A TEAM of paramedics will be based in Oxford city centre at weekends this winter in a bid to reduce the number of people ending up in A&E while on a night out.

With the Christmas party season about to get into full swing, the South Central Ambulance Service (SCAS) SOS Project will be providing medical care to revellers from its city-centre based mobile treatment unit from tonight (Friday).

SCAS bosses say the aim of the scheme is to help ease pressure on the already stretched A&E departments over the winter period.

The service has been operating each winter since 2014 and will run until January.

Last year 63 patients sought help from the SOS service with paramedics able to deal with over three quarters (78 per cent) of those at the scene who might otherwise have gone to A&E or called 999.

Project lead Craig Heigold, said the team offered a vital service during one of the busiest times of the year.

He said: “The SOS Project provides a valuable service at a time of peak demand for all local NHS and emergency services.

“I’m delighted that Oxfordshire CCG has once again agreed to fund the service.

“By doing so we can reduce the demand on our colleagues at A&E, as well as ensure that more Oxfordshire SCAS staff and vehicles are free to respond to non-alcohol related illnesses and injuries elsewhere in the city and surrounding areas.

“We can also provide a faster and more effective response to patients in the city centre who need us.”

Last year saw a significant rise in patient numbers (there were just 18 patients treated in 2016/17) however, Mr Heigold put that down to increasing awareness of the service, with Oxford Street Pastors and Thames Valley Police now, when appropriate, taking those in need of care to the SOS paramedics, rather than calling an ambulance.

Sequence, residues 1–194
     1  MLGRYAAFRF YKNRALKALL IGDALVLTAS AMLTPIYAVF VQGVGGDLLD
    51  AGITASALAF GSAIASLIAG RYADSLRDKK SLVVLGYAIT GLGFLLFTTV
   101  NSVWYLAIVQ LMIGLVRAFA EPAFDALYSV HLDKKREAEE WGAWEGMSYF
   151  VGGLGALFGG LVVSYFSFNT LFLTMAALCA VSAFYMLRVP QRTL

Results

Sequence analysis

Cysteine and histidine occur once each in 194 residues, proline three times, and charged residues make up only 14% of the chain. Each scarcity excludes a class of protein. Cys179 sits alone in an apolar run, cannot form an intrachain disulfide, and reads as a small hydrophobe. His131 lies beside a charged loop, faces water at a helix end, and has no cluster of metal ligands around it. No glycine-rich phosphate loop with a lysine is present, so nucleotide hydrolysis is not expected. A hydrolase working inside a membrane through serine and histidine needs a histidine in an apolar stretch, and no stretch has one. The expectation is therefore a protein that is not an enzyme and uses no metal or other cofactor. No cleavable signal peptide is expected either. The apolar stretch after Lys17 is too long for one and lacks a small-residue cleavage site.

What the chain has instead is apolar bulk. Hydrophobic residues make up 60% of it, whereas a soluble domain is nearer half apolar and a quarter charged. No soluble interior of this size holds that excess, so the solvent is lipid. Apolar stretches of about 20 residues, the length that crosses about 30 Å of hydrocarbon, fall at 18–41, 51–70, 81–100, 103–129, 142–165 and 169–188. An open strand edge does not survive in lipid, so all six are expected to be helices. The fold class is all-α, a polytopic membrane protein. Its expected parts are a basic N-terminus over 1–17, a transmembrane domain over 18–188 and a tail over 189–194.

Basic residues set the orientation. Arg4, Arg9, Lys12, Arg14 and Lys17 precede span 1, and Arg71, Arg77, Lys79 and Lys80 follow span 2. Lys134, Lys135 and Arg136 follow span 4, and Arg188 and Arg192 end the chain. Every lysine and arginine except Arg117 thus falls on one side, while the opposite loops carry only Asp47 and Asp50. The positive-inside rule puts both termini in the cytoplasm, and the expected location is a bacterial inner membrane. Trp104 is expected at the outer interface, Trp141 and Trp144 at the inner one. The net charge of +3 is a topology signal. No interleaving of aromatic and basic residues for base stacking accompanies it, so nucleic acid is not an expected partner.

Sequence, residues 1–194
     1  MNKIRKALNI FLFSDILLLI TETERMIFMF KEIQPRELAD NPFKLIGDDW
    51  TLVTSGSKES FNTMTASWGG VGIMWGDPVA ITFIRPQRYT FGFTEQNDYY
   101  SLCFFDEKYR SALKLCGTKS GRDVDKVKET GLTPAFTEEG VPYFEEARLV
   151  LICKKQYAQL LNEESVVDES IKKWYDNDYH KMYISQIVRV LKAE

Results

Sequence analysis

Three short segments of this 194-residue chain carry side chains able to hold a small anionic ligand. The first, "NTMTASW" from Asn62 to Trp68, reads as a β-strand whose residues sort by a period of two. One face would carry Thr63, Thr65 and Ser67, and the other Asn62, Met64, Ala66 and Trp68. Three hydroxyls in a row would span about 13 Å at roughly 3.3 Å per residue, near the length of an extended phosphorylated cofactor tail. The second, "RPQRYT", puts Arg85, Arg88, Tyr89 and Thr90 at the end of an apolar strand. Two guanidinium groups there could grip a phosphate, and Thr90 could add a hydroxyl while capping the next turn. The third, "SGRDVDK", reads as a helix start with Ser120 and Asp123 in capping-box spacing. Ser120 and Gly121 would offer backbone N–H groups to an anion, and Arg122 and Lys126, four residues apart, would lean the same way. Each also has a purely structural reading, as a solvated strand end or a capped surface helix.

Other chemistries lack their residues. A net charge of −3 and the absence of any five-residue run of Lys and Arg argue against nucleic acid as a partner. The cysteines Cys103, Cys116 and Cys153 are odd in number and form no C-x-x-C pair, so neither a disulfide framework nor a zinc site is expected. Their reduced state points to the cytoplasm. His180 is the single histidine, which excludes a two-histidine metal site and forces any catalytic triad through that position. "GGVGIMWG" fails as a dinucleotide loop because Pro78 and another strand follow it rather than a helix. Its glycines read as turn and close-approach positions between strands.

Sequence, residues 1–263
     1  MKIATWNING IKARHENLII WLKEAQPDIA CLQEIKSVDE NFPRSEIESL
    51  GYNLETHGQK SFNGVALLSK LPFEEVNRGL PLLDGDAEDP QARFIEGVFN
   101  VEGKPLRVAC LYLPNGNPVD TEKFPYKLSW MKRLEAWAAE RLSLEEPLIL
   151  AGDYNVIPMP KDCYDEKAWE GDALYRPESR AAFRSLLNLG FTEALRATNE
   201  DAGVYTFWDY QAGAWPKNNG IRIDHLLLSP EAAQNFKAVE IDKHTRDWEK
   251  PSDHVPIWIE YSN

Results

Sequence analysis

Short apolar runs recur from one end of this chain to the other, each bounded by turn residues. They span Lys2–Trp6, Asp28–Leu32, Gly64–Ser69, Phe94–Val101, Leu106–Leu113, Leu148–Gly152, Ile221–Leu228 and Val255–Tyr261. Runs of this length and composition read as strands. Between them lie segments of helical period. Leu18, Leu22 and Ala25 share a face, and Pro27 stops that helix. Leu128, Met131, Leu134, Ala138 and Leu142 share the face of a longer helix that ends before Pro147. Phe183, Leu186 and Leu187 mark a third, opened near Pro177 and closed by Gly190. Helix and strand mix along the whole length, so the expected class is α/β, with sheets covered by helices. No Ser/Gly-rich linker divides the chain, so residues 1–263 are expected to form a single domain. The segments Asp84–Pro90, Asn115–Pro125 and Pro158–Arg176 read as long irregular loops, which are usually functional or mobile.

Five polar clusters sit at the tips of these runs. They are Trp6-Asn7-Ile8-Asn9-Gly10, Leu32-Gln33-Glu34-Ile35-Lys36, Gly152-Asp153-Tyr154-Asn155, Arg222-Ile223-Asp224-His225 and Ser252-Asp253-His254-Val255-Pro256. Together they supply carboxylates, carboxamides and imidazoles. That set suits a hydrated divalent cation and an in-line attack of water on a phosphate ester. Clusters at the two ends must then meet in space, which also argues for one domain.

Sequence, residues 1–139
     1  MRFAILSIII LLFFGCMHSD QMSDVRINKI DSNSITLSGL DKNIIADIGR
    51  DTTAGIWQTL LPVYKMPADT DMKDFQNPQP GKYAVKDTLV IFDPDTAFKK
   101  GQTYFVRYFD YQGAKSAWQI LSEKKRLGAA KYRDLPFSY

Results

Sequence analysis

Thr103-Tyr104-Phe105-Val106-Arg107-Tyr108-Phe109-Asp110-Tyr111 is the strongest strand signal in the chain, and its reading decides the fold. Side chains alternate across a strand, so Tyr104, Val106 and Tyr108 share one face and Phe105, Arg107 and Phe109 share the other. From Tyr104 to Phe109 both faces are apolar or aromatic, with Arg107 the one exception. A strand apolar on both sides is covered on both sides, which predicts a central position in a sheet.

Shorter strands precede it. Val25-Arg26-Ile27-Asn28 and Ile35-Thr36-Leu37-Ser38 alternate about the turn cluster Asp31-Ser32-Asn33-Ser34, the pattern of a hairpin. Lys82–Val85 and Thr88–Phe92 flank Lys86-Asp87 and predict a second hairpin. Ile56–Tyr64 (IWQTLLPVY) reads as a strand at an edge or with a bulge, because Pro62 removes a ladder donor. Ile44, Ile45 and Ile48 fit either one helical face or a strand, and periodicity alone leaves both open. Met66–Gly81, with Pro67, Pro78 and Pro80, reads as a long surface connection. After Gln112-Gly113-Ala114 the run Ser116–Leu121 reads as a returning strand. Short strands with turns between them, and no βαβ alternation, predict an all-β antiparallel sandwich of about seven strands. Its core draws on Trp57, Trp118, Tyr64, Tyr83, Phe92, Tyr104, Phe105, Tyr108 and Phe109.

Mr Heigold, who has been a paramedic since 2015, said being based in the city centre at the weekend meant the team inevitably had to treat those who drunk too much.

However, the SCAS staff also had to be ready to deal with all manner of medical issues, including fights, assaults, and panic attacks.

He said: “We’ve had sprained ankles, people wearing no shoes getting cuts on their feet, panic attacks in clubs, it really is quite a range we see.

“Undoubtedly some of these are patients who would otherwise have ended up at A&E or calling an ambulance."

As well as medical treatment, however, Mr Heigold, 35, said the team also provide education and advice to partygoers on how to get home safely.

He said: "We get a lot of people unconscious due to excess alcohol consumption, people who can no longer walk, people who have become separated from their friends – these are the situations we want to help avoid.”

The mobile treatment centre will be manned by two paramedics and an emergency care assistant each Friday and Saturday night between 10:45pm to 5:00am, with an additional service in place on New Year’s Eve.

Tehmeena Ajmal, systems winter director representing health and social care providers in Oxfordshire, said: “We are delighted that the SOS service is returning. It has proven successful in the past, and will ease pressures on the John Radcliffe Hospital’s Emergency Department (A&E).

“The service is available to anyone feeling ill, unwell or injured in the city centre, whether alcohol is involved or not.”